“The motto of PSU is ‘Let knowledge serve the city,'” said Portland State University education professor Dilafruz Williams, explaining why she and another PSU faculty member are running for seats on the Portland School Board.
With four of seven seats open, the race has the potential to remake the powerful board at a time when primary education in Portland has drawn national criticism.
With the fate of measure 26-48 at stake, and with it the continued employment of more than 600 teachers across the county, the race for school board has fractured along tax lines.
“When I entered this race, I didn’t think that I would be running against Phil Knight of Nike,” Douglas Morgan said. Morgan, director of the Executive Leadership Institute, is the other PSU faculty member vying for a spot on the school board.
Earlier this week, the Oregonian reported that Nike founder Knight had given $50,000 of his own money to four candidates running on an anti-tax slate that critics have described as being devoid of substance.
“The purpose of the slate has very little to do with the reform of schools and more to do with perpetrating a ruse to inflame a group of voters who are predisposed against all tax increases,” Morgan said.
Dilafruz and Morgan, both of whom have been endorsed by the Oregonian, support the passage of measure 26-48.
At PSU, the two have worked together for years and share a number of goals for the board.
The first step the board needs to take, the two agree, is explaining to the community the importance of public education.
“Portland schools are at a crossroads,” Williams said. “We really need to restore public trust.”
Williams would like to start a newsletter to Portland parents that would help emphasize the positive aspects of the school district, previously one of the nation’s best.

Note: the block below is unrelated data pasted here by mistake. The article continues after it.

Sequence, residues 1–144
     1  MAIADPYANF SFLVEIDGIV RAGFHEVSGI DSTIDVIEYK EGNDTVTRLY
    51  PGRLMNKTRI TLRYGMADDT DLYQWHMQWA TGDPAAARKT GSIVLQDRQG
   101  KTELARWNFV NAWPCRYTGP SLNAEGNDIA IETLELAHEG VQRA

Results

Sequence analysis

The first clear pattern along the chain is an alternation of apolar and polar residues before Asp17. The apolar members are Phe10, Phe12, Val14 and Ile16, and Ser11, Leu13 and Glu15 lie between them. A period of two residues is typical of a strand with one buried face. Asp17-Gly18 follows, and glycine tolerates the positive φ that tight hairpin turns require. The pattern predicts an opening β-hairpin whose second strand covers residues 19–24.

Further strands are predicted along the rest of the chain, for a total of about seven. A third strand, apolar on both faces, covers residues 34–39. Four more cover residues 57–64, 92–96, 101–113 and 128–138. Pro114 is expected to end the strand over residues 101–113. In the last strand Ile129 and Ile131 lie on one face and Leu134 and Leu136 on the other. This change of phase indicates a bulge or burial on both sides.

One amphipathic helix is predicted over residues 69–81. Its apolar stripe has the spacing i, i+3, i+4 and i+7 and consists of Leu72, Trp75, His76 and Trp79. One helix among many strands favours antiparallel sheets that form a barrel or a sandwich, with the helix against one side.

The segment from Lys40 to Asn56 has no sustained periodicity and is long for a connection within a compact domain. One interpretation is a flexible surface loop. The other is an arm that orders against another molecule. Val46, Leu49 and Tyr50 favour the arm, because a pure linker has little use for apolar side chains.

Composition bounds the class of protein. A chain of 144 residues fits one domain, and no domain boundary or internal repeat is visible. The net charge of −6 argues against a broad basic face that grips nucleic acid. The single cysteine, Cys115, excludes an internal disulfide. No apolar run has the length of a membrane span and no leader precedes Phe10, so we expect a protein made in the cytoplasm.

Part of restoring confidence is making the workings of the school district transparent.
“The average citizen is clueless about the size and complexity of the schools,” Morgan said. “If the average citizen is clueless, they assume the worst. They assume that the buildings are filled with bureaucrats who spend their time wasting taxpayers’ money.”
Both professors believe the board could do more to close the “achievement gap,” the reality that low-income schools lag behind their more wealthy peers. And both cited the importance of restoring relationships between board members and with the teachers’ union.
Yet the two approach their respective races with diverse backgrounds and skills.
Williams teaches future teachers and principals, and has worked with education professionals at more than 70 of the county’s roughly 100 schools. She helped to start the environmental middle school in Portland, and followed school board business extensively when her son, James Williams, served as a student school board member in 2000.
As a professor at Portland State, Williams keeps an eye on national research and educational trends. As a former middle school teacher, however, she has her eye on what works in the classroom as well.
Williams, who has a master’s degree in public administration, emphasizes partnerships with local businesses, and promises to examine “every line item” in the budget.
Her skills compliment Morgans’, who freely admits he has no elementary teaching experience, though he’s taught college students for more than three decades.
This will be a strength, he says, on a board that has seen contention over union issues. He promises to take a frank look at why teachers believe their health insurance benefits shouldn’t be capped when nearly all other public employees’ are.
He points instead toward his extensive experience serving on boards and search committees, including the Public Utilities Review Board, and sees his role as one of working to unite the seven board members in a single voice.